Hearing the emotion in his voice as the conversation drifted on to topics he’s obviously passionate about, it’s no wonder each of his projects, especially Bootleg Universe shorts, strike such a nerve (be it good or bad) with viewers. Without giving any specifics what-so-ever, Shankar did briefly promise that fans will see two new releases from his Bootleg Universe in 2017 as well. No word on whether or not they will be animated or live action, but he does promise, “they’re both epic. Not saying anything else, but I will say they are more ambitious than anything that’s come before them.” More epic than Dirty Laundry, a piece that John Berenthal cited as his inspiration for Marvel/Netflix’s Punisher; or Power/Rangers, a piece that (will) eventually lead to a dark animated reboot on Netflix? Seems like a tall order, but if anyone can pull it off, it’s Adi Shankar.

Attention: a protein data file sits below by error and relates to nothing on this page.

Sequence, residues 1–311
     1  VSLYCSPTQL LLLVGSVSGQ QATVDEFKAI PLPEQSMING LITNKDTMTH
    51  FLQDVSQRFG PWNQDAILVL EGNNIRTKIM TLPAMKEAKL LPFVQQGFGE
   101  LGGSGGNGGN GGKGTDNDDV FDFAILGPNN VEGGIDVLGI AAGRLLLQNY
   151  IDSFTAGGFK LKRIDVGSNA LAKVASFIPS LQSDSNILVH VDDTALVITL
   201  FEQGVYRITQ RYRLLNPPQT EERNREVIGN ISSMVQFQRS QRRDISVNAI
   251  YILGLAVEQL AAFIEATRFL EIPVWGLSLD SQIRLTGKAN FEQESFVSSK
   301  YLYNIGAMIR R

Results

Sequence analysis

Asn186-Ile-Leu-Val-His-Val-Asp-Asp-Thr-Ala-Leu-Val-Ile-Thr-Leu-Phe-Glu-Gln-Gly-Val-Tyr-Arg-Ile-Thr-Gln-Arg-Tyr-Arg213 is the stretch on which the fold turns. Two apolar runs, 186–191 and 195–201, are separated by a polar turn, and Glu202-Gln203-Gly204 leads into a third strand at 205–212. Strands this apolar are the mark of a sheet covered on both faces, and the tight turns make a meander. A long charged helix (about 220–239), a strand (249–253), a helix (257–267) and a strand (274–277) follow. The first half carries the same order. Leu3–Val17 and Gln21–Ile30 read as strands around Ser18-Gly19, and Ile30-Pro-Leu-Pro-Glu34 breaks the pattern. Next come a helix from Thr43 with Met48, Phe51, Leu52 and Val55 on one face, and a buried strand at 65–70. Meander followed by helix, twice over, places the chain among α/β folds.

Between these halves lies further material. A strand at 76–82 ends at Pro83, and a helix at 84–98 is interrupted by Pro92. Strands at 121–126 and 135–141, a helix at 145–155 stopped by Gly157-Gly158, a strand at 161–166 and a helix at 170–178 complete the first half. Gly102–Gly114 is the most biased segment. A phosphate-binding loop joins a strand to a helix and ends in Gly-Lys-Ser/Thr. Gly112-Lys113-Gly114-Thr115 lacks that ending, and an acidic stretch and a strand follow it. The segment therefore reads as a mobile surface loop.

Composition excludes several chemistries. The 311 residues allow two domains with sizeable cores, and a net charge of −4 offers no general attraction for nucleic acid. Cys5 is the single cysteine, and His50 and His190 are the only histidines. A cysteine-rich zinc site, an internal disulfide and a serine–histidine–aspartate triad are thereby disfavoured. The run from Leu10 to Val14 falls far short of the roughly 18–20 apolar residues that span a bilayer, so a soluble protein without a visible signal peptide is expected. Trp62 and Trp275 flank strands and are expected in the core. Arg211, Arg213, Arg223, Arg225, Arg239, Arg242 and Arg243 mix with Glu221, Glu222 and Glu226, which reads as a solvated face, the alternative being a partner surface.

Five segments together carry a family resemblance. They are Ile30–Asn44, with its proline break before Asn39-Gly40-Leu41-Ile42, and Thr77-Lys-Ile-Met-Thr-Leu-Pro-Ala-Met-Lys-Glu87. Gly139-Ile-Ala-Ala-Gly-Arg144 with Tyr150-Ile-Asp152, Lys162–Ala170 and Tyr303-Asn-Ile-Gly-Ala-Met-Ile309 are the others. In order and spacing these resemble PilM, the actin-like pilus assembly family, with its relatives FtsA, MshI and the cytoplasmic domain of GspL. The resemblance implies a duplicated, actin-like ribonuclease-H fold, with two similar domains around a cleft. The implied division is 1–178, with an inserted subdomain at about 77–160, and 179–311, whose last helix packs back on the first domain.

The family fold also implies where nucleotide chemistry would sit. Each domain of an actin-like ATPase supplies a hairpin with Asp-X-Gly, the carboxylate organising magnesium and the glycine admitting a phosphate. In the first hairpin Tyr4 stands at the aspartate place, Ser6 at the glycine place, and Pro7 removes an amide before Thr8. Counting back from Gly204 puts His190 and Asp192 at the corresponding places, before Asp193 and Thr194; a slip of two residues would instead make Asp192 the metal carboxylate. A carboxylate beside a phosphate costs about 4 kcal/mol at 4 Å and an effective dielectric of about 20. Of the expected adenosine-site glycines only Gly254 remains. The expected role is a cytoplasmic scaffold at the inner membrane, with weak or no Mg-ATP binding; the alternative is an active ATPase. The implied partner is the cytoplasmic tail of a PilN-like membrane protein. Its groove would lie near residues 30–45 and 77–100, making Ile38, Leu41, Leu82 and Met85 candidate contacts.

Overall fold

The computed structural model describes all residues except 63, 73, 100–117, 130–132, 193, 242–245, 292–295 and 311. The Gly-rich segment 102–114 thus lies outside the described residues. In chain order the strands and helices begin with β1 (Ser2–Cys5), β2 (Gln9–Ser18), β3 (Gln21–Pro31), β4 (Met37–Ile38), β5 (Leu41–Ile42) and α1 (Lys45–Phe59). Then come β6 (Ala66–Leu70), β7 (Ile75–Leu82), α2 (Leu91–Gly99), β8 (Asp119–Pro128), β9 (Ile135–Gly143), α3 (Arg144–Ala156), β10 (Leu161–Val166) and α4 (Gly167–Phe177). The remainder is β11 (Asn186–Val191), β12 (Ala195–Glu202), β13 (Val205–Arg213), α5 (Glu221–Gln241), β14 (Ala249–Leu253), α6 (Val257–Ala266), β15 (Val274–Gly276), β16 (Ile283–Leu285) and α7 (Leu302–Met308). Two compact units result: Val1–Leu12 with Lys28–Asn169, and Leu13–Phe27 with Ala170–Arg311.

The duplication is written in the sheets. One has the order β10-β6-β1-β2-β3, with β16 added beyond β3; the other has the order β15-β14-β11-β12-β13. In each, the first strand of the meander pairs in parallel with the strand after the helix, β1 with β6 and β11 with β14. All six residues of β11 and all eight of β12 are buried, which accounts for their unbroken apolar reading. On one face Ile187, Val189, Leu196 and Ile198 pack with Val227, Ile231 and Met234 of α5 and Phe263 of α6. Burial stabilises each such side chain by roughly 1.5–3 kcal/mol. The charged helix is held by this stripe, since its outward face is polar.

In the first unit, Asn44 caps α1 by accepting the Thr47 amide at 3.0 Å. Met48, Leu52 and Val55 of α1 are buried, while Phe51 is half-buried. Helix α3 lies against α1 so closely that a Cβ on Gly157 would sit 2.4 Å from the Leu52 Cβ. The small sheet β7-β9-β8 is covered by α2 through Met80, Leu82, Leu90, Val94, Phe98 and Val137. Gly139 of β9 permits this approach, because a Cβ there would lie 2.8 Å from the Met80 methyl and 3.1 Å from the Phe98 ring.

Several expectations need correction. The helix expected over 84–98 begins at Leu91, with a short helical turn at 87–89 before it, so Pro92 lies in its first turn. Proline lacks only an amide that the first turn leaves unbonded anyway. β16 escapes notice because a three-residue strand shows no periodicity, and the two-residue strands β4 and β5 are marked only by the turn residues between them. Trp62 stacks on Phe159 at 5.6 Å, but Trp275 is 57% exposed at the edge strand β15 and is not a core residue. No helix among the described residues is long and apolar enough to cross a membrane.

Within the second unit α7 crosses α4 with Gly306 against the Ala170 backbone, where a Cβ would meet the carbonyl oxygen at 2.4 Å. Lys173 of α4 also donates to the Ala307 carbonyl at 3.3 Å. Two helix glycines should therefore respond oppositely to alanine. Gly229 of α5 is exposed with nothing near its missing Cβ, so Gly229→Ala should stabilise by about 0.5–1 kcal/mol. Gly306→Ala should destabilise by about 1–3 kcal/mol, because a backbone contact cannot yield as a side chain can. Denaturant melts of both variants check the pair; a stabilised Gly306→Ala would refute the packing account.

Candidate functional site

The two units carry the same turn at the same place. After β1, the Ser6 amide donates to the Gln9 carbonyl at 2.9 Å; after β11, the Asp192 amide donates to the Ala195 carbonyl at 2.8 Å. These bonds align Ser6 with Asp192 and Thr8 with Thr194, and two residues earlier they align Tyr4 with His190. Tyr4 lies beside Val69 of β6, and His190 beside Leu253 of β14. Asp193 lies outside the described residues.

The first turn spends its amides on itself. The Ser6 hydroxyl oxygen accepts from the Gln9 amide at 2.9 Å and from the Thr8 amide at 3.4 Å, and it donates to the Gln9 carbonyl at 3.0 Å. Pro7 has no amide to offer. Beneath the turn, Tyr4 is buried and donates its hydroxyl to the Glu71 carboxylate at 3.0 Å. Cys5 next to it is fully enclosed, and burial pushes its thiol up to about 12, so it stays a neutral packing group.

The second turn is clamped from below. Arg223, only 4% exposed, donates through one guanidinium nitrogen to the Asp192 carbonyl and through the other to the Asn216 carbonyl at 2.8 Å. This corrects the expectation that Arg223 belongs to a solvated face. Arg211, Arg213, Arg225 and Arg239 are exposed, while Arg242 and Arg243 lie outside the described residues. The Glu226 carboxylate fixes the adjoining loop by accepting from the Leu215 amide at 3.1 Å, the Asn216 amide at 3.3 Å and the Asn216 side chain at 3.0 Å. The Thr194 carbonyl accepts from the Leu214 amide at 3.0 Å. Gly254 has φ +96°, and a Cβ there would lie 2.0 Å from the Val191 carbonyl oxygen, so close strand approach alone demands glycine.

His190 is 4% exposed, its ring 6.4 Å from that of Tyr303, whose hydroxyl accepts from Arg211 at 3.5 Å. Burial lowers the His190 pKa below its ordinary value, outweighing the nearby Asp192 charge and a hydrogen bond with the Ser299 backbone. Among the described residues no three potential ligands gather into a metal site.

With all the content he’s produced over the years, we asked if he had any time to sit down and enjoy TV just as a spectator; he answered:

No, and it’s a problem. At some point, I’m just going to have to take a year off and just absorb. I’ve been on a warpath for almost a decade now, ultimately trying to create stuff. And it removes you from the perspective of the audience. I believe that’s dangerous.

Season 1 of an animated Castlevania hits Netflix in 2017; and fans can expect two more chapters in Shankar’s Bootleg Universe as well.